UK Treasury Propaganda Warns of 3.6% Brexit Recession, the £64 Billion Question? - 23rd May 16
Stock Market Support Breached, But Not Broken! - 23rd May 16
George Osborne Warns of 18% Cheaper House Prices - BrExit for First Time Buyers - 22nd May 16
Gold Bull-Phase I Continues to Confound (The Trek to “Known Values”) - 22nd May 16 r
Avoiding a War in Space - 22nd May 16

Free Instant Analysis

Free Instant Technical Analysis


Market Oracle FREE Newsletter

Why 95% of Traders Fail

The Great American Economic Rebound Has Just Begun

Economics / Economic Recovery Feb 13, 2013 - 02:23 PM GMT

By: Money_Morning

Economics

Martin Hutchinson writes: The U.S. manufacturing renaissance is not just a fantasy - it is actually happening. Jobs that had been outsourced to China and elsewhere really are returning to the United States.

Believe it or not, this "reshoring" already has reversed the long, steady decline of manufacturing jobs in the U.S.

In fact, since 2010 America has added roughly 500,000 manufacturing jobs, an increase of 4.3%.


The economic and investment implications of this reversal are considerable to say the least.

With the disadvantages to manufacturing overseas growing each year, it's no wonder reshoring is beginning to become a major trend.

One of the drivers is cost-especially as it relates to "cheap Chinese labor." As it turns out it's not that cheap anymore.

Three Keys to a Manufacturing Resurgence
According to an HSBC study quoted in the Financial Times, real wages in China's coastal areas have risen 350% in the last 11 years. Demographics are only accelerating the trend toward higher wages.

Last year, China's working age population fell for the first time, by 3.5 million to 937.5 million.

That means the endless supply of young workers from farms in China's rural areas is drying up, pushing China's wages up even further. Already, the country's balance of payments surplus has disappeared, and China's manufacturing costs, adjusted for productivity, have increased from 20% of U.S. costs to some 50%.

That still gives China an advantage in direct labor costs, but the additional costs of international sourcing must also be considered. When transportation, duties, supply chain risks, and other costs are fully accounted for, the cost savings of manufacturing in China begins to diminish.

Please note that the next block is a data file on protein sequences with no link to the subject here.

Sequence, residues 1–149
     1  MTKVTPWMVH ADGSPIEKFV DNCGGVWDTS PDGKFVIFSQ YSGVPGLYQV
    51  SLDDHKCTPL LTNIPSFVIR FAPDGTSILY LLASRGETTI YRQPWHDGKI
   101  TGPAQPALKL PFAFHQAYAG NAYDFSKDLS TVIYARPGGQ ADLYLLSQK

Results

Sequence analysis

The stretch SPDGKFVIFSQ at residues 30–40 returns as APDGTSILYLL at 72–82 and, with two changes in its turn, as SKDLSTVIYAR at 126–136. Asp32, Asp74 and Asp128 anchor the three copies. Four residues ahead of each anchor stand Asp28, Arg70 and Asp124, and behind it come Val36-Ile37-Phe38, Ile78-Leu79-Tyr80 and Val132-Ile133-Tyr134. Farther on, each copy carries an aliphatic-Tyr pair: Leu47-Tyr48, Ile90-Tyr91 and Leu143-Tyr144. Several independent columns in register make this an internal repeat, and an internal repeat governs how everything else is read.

In any case, unless there's a major downturn in China, its overall competitiveness is likely to continue to decrease.

Of course, the more excitable commentators like to claim that China's cost increases alone will push manufacturing back to the U.S. But the truth is that's nonsense.

Here's why.

There are many other low-wage emerging market countries with decent political and economic stability, all of which have had their competitiveness enhanced by the same Internet and mobile telephony that has pushed Chinese outsourcing ahead.

As such it only follows that the return to U.S. manufacturing from rising Chinese costs alone would be modest.

But there's another factor involved here - and this one is home grown.

The second thing bringing manufacturing back to the U.S. is the rise of fracking techniques for the immense U.S. shale gas deposits. That's different than the oil shale fracking which is unlikely to affect U.S. competitiveness much, because oil can be transported fairly readily (though in the short term excess production from Canadian tar sands has made oil much cheaper there).

However, gas is expensive to transport without an infrastructure of pipelines, which don't exist in most places. With the arrival of shale gas fracking, the United States now has a substantial energy cost advantage for applications which can efficiently use gas to supply energy for local plants--especially those near these shale gas formations.

Finally, in the long run a third U.S. cost advantage may reappear. It is the cost of capital.

With the world's most advanced and developed capital markets, the U.S. has traditionally had the lowest cost of capital- combining the lowest cost of debt with the greatest ease of raising equity for medium-sized companies.

Unfortunately, Alan Greenspan and Ben Bernanke have lost this U.S advantage. By making money easy to get at cheap rates, they have driven the banking system and international investors to invest in emerging markets, lowering their cost of capital artificially.

Whereas previously their cheap labor was offset by expensive capital, today their labor is still cheap, while their capital is also a little more expensive than in the U.S. For instance, when the near-bankrupt, impoverished socialist Bolivia can borrow $1 billion for 10 years at less than 5%, the U.S. capital cost advantage has effectively disappeared.